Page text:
Brainwave Interactive Films Are Next Gen Movies

Brainwave Interactive Films Are Next Gen Movies
October 29, 2018
Director Chuck Chae and his team are developing a new movie framework that inputs audience reactions via brainwave detection. Courtesy of STUDIO CHUCK / LOOXID LABS


Director Chuck Chae, who recently received the prestigious Best Virtual Reality Experience Award for the interactive film "Buddy VR" at this year's Venice International Film Festival, says virtual reality filmmaking is still in its initial stages and has many barriers to overcome in order to become mainstream entertainment.


"Buddy VR" is a 15-minute movie where the audience interacts with a friendly mouse character named Buddy from the animation series "Nut Job." The story is played out through numerous interactions, creating a bond between the viewer and the mouse.

Director Chuck Chae


"My work 'Buddy VR' is only the tip of the iceberg of what the interactive VR storytelling can do. There are infinite ways to do interactive storytelling and have a crazy experience with this platform," he told The Korea Times. 


He believes the small inconveniences of VR, such as the need for a head-mounted display and the use of controllers to interact with the characters in the film, is the main factor preventing it from gaining mainstream popularity.


"There needs to be a lot of work and time put in, and I believe it will take at least a decade for people to adapt to VR movies or another big boom to appeal to regular consumers. However, the industry will continue to use VR technology in various fields including medical, architecture and theme parks," the director added.


Chae says his team is working on a new movie interactive framework that uses electroencephalography (EEG) technology, which monitors brainwaves to input audience interactions to the film without the use of gadgets.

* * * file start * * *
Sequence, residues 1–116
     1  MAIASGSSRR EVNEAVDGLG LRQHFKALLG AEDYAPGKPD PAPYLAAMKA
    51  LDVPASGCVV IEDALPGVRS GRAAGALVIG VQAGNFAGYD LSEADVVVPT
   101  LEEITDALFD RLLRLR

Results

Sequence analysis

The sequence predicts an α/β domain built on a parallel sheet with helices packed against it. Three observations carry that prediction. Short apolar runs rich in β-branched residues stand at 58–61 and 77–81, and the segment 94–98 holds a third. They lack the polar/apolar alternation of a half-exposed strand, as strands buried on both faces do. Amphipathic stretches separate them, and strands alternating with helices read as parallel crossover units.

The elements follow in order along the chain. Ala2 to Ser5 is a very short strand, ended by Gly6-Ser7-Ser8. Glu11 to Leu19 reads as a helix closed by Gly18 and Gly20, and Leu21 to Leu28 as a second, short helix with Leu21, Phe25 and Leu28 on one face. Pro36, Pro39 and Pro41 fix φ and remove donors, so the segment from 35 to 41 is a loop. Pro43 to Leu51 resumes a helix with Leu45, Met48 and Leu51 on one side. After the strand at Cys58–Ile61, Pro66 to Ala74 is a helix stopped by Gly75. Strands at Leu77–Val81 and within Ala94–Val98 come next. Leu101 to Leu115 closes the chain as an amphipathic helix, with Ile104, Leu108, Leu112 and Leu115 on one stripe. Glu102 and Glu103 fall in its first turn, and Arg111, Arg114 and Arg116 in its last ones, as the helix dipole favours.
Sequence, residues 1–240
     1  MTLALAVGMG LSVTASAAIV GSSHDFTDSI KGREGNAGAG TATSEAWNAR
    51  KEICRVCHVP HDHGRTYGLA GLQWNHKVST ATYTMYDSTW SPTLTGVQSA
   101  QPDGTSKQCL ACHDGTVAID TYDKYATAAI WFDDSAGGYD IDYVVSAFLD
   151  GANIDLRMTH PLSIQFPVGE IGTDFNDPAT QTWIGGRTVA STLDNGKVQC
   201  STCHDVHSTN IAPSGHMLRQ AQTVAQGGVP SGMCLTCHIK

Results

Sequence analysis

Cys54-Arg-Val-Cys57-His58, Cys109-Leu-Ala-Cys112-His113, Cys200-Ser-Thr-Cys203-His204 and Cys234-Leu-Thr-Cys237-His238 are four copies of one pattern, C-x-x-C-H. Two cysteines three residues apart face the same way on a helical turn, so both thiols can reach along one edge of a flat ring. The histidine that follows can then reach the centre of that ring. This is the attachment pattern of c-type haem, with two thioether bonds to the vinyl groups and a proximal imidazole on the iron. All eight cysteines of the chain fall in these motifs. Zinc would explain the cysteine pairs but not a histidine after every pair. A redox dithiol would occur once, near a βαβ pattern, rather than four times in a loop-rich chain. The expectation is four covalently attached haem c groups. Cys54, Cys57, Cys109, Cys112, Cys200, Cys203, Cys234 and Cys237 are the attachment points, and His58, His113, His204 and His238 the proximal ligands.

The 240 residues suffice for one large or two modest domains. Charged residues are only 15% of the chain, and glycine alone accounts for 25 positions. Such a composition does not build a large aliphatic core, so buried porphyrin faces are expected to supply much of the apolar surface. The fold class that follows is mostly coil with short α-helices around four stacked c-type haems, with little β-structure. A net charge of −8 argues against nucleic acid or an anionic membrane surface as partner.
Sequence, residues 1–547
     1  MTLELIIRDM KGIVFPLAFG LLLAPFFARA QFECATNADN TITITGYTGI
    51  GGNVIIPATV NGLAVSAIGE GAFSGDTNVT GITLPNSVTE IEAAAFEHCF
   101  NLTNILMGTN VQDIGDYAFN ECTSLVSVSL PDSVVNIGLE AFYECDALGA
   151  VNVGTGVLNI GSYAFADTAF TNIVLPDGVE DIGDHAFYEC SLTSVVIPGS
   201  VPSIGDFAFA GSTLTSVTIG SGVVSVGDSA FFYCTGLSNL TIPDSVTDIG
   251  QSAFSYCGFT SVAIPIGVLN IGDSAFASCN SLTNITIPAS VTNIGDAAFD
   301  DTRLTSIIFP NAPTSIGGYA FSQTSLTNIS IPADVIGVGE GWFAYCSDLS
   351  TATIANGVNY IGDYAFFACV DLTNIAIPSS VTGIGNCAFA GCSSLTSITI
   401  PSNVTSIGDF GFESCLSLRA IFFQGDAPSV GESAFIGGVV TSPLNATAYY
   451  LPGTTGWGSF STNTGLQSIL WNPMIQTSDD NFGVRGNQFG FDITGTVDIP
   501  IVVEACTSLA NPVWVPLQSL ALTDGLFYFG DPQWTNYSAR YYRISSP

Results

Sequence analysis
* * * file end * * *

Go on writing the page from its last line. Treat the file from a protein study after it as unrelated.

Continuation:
"For EEG film, we are using a bit of a machine learning to study the audience within the scene, and then we are using brainwaves to get bio-feedback from the viewers and figure out their feelings and reactions," he said.

Through the EEG movie experience, a character's next move in the film will be dictated by the emotion of the majority of the spectators in the theater. The characters have diverse reactions, which Chuck says will help the viewers to better engage and direct how the story pans out.


The EEG movie experience could replace the current gap of the technology milestone in artificial intelligence (AI) or perfectly convenient VR, he added.


The EEG technology has not yet been successfully applied in filmmaking, but Chae says he could come out with an interactive movie using the technology in the next two years. However, he added that it will only be a small leap forward in what the technology has to offer in the future.


Chae is also one of five nominees for Best Visual Effects for "Detective Dee 3" at the Taipei Golden Horse Awards Festival set for Nov. 17 and is set to premiere his first commercial feature film, "The Lapse," Dec. 11.

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